Speaking for Ourselves

Is Covid racist?

Is Covid racist?

Daniel Nelson

 Migrant Voice - Is Covid racist?

Well, is it? That was the question that an hour-long TV programme set out to answer.

It took very few minutes to point out the absurdity of the question. Although two-thirds of frontline NHS Covid deaths are people categorised as Black and Minority Ethnic, BAME doesn’t really exist. It’s just the British term for the country’s non-white people. They are Africans, Asians, Latin Americans, Pacific islanders. There’s obviously no genetic link.

Equally risible is the idea that the amount of melanin in the skin is a factor in falling ill from the pandemic.

Having established that basic fact, Dr Ronx Ikharia moved her inquiry on.

Everybody deserves the right to good health, she pointed out: “If I were Prime Minister and someone said one group was dying at disproportionate rates, I would ask, Why?”

So she put the question to various doctors and leaders of community groups and organisations. The answers were hardly surprising: for years the NHS has depended on migrants and many work on the frontline and indeed the bottom line too and in hazardous conditions they are bound to feature prominently; BAME people were less ljkely to be furloughed, often feeling too insecure to speak out about lack of safety equipment; for the same reason, or because of poor pay (and the need to save for exorbitant visa fees) they frequently put in a lot of overtime, which took its toll on their health (“If they don’t follow what their managers say their contracts won’t be renewed”) – oh yes, and ”there is structural race inequality throughout the NHS. [...] years and years, decades and decades, and centuries and centuries of inbuilt racism”.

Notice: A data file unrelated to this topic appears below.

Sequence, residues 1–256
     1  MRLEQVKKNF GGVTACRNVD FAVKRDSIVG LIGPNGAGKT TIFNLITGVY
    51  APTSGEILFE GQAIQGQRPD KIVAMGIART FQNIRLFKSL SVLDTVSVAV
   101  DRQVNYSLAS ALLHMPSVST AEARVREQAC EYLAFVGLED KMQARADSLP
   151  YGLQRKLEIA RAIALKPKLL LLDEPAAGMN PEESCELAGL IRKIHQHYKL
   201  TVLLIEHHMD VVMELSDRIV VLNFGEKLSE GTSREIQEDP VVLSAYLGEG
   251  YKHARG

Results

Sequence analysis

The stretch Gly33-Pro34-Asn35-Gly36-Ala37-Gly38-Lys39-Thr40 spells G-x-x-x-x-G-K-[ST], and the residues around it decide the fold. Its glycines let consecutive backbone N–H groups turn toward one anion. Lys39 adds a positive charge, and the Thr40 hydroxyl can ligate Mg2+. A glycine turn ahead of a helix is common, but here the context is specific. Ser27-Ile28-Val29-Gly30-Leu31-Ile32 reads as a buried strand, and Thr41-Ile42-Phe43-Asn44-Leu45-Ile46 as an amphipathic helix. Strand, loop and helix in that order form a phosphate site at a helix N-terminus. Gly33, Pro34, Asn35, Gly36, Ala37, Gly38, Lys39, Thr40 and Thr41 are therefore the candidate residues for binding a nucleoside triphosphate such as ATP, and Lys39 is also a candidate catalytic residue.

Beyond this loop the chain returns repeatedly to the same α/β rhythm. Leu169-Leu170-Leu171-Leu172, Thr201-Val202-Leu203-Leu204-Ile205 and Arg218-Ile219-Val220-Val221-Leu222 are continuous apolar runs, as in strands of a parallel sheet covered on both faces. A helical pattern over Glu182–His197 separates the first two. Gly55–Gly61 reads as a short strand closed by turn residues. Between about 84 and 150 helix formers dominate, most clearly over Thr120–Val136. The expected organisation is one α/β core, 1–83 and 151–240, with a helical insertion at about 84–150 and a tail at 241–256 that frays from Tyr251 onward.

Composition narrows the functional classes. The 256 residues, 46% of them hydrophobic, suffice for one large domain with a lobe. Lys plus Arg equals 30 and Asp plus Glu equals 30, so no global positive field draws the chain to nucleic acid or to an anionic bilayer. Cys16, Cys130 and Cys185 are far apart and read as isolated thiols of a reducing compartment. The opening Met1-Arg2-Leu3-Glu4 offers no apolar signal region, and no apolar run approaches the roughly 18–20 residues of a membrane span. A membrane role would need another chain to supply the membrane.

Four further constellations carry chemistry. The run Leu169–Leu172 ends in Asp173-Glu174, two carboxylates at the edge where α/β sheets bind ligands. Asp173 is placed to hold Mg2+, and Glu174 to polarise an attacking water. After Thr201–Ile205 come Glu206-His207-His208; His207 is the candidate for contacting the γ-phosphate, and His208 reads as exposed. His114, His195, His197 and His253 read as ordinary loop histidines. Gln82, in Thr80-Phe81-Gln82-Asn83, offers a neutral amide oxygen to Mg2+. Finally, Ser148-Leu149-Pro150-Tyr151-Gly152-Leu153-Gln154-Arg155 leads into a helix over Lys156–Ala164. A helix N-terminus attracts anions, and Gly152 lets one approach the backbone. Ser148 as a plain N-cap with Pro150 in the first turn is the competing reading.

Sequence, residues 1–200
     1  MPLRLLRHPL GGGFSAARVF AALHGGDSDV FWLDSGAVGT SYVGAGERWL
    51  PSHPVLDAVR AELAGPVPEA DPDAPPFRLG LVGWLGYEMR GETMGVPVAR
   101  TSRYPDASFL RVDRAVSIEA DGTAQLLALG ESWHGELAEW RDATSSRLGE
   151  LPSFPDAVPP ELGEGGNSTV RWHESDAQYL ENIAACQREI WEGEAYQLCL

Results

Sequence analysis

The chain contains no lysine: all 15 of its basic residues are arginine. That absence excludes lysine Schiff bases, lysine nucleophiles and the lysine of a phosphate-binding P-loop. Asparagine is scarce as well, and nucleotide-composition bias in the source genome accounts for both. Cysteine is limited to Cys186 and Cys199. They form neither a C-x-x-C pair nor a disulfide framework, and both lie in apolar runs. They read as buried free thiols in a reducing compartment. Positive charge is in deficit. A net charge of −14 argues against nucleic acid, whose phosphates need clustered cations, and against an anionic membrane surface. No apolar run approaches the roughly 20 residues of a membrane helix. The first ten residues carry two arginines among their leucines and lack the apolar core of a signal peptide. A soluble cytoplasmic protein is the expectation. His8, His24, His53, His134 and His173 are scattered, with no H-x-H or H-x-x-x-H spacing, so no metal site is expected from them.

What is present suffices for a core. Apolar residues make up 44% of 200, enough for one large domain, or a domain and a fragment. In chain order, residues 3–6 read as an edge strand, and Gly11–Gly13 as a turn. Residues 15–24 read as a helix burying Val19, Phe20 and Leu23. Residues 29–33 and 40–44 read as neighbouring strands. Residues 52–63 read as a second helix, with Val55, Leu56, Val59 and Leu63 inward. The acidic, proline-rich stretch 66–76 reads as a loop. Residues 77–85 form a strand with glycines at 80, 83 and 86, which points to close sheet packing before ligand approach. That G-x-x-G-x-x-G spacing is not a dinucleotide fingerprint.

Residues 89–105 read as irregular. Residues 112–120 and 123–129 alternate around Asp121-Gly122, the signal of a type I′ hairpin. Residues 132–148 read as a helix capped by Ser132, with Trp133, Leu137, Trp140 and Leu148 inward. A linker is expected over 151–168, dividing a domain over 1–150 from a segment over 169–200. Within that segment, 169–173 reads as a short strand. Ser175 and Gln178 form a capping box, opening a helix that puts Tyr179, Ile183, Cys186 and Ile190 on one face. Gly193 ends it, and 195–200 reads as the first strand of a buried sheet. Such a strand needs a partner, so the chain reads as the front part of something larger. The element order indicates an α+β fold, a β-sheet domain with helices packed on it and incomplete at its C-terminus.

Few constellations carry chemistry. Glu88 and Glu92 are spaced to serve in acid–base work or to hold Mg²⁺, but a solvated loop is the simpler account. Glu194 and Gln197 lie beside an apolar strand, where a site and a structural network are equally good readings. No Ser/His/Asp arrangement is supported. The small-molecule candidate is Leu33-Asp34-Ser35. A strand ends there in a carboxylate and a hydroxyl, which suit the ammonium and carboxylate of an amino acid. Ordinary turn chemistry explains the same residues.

It’s an awkward message to receive. “When we talk about race,” commented Ikharia, “racial equality, institutional racism, structural racism, people get uncomfortable.” They don’t necessarily want to discuss such issues. 

It’s not that no action has been taken in response to the fear and statistics: government spokespeople point to guidance issued to help staff stay safe as well as to risk assessments, also aimed at improving safety.

But it would be insulting to block out the views and worries voiced in this programme: “We feel abandoned, we feel we are being taken advantage of, we feel devalued.”

So, no Covid isn’t racist, concludes Ikharia, but “it would be nice if somebody from the government just acknowledged that there have been failings, to tell us that we are going to help make sure that this doesn’t happen again.”


* Is Covid Racist? can be seen on the All4 website, https://www.channel4.com/

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